Elizabeth Patterson Bonaparte: An American Aristocrat in the Early Republic

Elizabeth Patterson Bonaparte: An American Aristocrat in the Early Republic

Elizabeth Patterson Bonaparte: An American Aristocrat in the Early Republic

Elizabeth Patterson Bonaparte: An American Aristocrat in the Early Republic

Synopsis

Two centuries ago, Elizabeth Patterson Bonaparte was one of the most famous women in America. Beautiful, scandalous, and outspoken, she had wed Napoleon's brother Jerome, borne his child, and seen the marriage annulled by the emperor himself. With her notorious behavior, dashing husband, and associations with European royalty, Elizabeth became one of America's first celebrities during a crucial moment in the nation's history. At the time of Elizabeth's fame, the United States had only recently gained its independence, and the character of American society and politics was not yet fully formed. Still concerned that their republican experiment might fail and that their society might become too much like that of monarchical Europe, many Americans feared the corrupting influence of European manners and ideas. Elizabeth Patterson Bonaparte's imperial connections and aristocratic aspirations made her a central figure in these debates, with many, including members of Congress and the social elites of the day, regarding her as a threat.

Appraising Elizabeth Patterson Bonaparte's many identities--celebrity, aristocrat, independent woman, mother--Charlene M. Boyer Lewis shows how Madame Bonaparte, as she was known, exercised extraordinary social power at the center of the changing transatlantic world. In spite of the assumed threat that she posed to the new social and political order, Americans could not help being captivated by Elizabeth's style, beauty, and wit. She offered an alternative to the republican wife by pursuing a life of aristocratic dreams in the United States and Europe. Her story reminds us of the fragility of the American experiment in its infancy and, equally important, of the active role of women in the debates over society and culture in the early republic.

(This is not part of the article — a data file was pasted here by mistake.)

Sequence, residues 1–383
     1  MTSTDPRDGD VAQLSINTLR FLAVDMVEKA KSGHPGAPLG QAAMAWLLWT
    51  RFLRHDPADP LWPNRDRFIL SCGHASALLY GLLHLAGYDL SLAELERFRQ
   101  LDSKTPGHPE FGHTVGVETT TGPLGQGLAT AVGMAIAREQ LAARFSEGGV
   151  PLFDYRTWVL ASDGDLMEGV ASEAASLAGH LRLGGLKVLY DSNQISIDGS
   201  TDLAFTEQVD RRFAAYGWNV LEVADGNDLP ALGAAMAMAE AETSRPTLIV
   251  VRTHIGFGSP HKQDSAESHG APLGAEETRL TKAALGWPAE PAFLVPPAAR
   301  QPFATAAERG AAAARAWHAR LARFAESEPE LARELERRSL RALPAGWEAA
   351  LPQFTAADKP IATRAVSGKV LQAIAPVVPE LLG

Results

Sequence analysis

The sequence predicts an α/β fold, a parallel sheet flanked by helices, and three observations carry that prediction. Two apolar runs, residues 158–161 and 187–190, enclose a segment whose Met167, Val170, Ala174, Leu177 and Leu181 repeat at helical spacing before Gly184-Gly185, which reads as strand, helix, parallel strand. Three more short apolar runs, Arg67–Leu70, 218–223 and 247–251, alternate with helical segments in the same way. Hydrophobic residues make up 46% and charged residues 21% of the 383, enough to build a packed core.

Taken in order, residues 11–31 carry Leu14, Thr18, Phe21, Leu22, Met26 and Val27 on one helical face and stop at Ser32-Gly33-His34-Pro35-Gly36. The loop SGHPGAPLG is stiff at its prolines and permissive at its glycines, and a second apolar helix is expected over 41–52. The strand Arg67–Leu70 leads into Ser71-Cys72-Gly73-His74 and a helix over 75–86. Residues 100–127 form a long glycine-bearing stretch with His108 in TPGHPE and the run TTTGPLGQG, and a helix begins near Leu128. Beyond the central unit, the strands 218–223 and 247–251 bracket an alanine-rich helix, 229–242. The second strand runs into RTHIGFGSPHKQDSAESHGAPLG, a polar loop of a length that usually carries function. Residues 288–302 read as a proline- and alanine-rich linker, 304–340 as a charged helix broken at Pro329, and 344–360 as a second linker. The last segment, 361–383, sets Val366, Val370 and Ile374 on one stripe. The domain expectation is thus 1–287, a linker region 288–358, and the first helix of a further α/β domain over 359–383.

Excerpt

Early in 1867, at the age of eighty- two, something drove Elizabeth Patterson Bonaparte to pull out her large cache of letters and clippings and read through them again. One can easily picture her: dressed in outmoded Parisian finery, carefully opening the fragile documents with their faded ink, and peering closely at the words and images that surely conjured up memories of more brilliant scenes and glittering occasions. Intriguingly, while she reviewed her life, she also rewrote it. Though she could not change the past, as she probably longed to do, she could analyze, explain, and comment on it; indeed, Elizabeth became the first historian of her life. As she had done in recent years, she added copious comments in the margins of letters, newspaper clippings, and even published works. Like any good historian, she provided biographical details on some of her correspondents and inserted approximate dates for some of the undated letters. But she devoted much of her time to assessing the character and motivations of many of the people who had written to her or were mentioned in her papers. Her goal seems to have been to understand better and to explain how her life had unfolded as it had. She hoped to correct the historical record, at least in her personal archives, by documenting her view of her own life story, filling in the gaps with her own explanations and reasonings. If posterity ever read her saved papers, she wanted no misunderstandings about how she had been treated by the world or why she had made the choices she did.

But, by this point in her life, Elizabeth was an embittered, lonely woman with dashed dreams— and her comments show that clearly. the past haunted her. “Ah! the irrevocable past! the present stagnation & the inexorable future,” she penned in the margins of one account book; “ah! Could I only shake . . .

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